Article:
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The All Important Query Letter

All suggestions listed on this page are based entirely on my opinion. I follow these particular rules when I am writing a query letter. You will see several examples and copies of query letters and hear how to write them from several sources if you are doing your homework. Take the best from all that you hear and form your own opinion on what you think should go into YOUR query letter. Meanwhile, soak up a few of my opinions on the topic!

What's in a good Query?

*Be informative. Tell them what your story is about.

*Be focused. Don't write a lengthy Query letter, it turns them off. Keep it to one page if at all possible, so you do not bore them and they throw it out because they lost interest. This also means not being repetitive, say something once, and say it clearly.

*Do you have a hook? "The Plight of the Handicapped Eskimo"...why will an audience grab this book? Hopefully because it is different!

*Include a resume. Your resume should list other publications your work has been in, if at all, what prior writing experience you have etc... Give them qualifications, credits, etc...this builds you.

*Include a SASE (self addressed stamped envelope). This is the professional thing to do. If you are not going to include this with your query, don't bother sending one, because you may write the best query in the world and you never hear back from them simply because there was no return envelope...and that means you're an amateur. So always include one.

*Give them a reason why you have chosen them. If they have published "Day in the Life of an Eskimo", Great! That will help you.

*Be personable. You don't want your letter coming off cold.

*Have the current name of the contact person. If you are writing the Editor in Chief, make sure they are STILL the Editor in Chief.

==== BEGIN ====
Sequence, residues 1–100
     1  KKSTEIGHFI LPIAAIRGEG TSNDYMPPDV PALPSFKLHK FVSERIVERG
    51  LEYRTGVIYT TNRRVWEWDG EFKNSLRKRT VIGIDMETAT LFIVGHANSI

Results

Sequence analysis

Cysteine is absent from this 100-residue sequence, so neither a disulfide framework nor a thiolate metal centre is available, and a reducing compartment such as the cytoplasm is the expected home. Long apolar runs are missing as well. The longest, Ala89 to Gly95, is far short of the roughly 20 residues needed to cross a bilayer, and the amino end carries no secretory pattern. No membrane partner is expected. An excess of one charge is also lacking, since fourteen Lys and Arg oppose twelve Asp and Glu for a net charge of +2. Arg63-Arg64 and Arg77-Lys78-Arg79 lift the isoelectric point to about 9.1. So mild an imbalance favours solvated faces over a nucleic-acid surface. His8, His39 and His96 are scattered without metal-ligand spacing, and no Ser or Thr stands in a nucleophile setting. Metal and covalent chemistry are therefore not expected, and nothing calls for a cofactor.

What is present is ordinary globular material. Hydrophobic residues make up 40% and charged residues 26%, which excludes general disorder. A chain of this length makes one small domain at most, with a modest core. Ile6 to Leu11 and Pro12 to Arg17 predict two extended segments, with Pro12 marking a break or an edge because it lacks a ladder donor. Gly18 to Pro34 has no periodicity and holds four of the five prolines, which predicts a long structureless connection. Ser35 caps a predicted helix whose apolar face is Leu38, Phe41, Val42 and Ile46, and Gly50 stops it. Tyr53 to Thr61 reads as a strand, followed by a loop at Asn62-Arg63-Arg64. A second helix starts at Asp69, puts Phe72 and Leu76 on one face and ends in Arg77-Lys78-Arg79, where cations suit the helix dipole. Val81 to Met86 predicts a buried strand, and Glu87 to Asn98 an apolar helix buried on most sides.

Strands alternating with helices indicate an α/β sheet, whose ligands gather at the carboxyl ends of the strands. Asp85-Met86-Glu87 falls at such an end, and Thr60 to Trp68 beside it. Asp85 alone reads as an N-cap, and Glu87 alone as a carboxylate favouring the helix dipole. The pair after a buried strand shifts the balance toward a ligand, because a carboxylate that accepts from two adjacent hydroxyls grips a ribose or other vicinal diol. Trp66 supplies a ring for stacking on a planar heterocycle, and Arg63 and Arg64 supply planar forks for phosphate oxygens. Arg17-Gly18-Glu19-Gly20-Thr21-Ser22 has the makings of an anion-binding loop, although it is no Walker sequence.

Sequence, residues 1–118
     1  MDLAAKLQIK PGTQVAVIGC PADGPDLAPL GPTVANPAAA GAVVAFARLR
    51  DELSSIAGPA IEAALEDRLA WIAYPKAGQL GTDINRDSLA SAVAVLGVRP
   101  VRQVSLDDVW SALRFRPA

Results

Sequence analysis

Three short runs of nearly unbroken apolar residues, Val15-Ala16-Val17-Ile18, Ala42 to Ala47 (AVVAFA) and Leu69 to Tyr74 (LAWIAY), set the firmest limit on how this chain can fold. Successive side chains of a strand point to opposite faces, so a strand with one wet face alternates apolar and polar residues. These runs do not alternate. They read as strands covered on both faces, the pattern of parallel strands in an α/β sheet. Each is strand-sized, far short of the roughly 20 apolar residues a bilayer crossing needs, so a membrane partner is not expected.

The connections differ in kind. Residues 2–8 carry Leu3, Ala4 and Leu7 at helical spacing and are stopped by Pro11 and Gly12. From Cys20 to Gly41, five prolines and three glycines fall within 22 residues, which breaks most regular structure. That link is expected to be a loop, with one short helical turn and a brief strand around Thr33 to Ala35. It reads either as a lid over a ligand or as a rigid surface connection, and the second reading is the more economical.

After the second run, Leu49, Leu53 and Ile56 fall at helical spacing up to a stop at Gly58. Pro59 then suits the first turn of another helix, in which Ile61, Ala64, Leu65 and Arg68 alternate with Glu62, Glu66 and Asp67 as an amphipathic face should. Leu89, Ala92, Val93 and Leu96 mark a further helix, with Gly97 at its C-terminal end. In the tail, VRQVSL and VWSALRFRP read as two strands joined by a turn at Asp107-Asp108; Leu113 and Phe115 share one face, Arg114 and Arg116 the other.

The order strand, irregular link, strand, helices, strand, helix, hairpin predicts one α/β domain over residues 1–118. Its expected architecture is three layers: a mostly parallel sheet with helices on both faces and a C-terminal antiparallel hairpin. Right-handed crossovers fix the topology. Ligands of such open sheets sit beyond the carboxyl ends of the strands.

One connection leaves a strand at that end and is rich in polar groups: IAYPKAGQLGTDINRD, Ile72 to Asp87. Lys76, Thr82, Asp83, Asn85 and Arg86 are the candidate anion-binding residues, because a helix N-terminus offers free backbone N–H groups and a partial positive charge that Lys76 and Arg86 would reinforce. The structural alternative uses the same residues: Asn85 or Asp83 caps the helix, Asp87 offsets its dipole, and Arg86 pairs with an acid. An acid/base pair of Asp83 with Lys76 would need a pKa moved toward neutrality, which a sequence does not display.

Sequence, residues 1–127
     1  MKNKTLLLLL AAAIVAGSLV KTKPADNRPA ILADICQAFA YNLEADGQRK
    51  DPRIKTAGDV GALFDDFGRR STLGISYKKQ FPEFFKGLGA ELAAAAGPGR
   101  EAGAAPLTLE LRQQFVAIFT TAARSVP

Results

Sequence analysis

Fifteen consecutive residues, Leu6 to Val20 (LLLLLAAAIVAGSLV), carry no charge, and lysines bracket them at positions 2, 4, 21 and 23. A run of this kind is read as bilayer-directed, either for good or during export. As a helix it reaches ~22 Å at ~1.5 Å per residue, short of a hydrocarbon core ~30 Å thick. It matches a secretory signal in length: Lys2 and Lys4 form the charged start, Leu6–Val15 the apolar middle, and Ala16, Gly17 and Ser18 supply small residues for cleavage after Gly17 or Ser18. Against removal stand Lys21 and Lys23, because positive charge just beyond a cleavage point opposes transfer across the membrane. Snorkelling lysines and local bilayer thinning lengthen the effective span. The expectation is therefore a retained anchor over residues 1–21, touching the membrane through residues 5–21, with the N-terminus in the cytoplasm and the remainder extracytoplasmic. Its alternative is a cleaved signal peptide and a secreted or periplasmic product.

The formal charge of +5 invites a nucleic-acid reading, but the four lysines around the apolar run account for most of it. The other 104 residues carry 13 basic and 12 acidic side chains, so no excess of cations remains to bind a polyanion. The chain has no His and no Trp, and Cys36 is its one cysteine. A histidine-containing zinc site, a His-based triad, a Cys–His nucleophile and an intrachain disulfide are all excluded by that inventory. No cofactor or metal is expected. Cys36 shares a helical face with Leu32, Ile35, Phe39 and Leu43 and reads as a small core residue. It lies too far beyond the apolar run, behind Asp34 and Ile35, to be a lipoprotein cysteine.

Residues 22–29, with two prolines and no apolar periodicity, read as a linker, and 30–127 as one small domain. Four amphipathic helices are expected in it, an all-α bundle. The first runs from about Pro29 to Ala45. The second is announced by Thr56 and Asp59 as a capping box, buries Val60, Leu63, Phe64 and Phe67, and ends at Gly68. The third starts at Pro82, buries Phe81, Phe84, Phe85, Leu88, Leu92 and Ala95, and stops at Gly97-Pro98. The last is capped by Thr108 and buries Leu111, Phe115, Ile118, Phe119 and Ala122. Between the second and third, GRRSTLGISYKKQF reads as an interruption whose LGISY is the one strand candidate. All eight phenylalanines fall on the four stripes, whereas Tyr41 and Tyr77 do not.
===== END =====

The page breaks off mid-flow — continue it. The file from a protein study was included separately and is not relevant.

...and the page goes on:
What NOT to do!

*Remember to spell check!! Don't have any spelling or grammatical errors. This one's important because we all tend to either spell wrong, or hit the wrong keys and if you're going to write the letter, take the time to re-read it at least twice before you send it out...just in case!

*Don't be too wordy. Keep it to one page or less.

*Try not to be vague. Example: Boy meets girl, boy loses girl, boy gets girl back. You'll get a letter back saying "Thanks, no thanks." because you idea wasn't clear enough...and didn't have anything special to hook them.

*Dont' ask them to respond too soon. By giving an unrealistic deadline such as, "Lemme know by Friday!", you're asking to get returned.

*Don't fax the query letter UNLESS there is something saying they accept them that way. Mail it regular mail. It's have to wait're thinking "Their fax is right there in the book, they must expect people will fax these in, why can't I?" Well, because it's not acceptable to most publishers and they'll throw you on the slush pile. It's too bad, but they have policies too. Follow them. Along with this means, No EMAILING either!

* Do not make a request for guidelines from them WHEN sending a query. You should have done this long before sending this in. It not only shows you are unfamiliar with the publisher (another taboo) but that you are sending this letter in cold and uninformed.

*Don't forget to include your address, phone number, name, etc...there are actually plenty of writers who do this...and I think that is where "Anonymous" came from! The publishers went ahead and published it because they couldn't reach the author!

*Don't let your query letter lose it's sense of "you." You will see examples of queries, you will hear about how to write them...and you can follow every one of them, but if the letter doesn't have a feeling of coming from you, then it is missing something only you have. Anyone can write a textbook example and ship it out...that isn't what makes it special.

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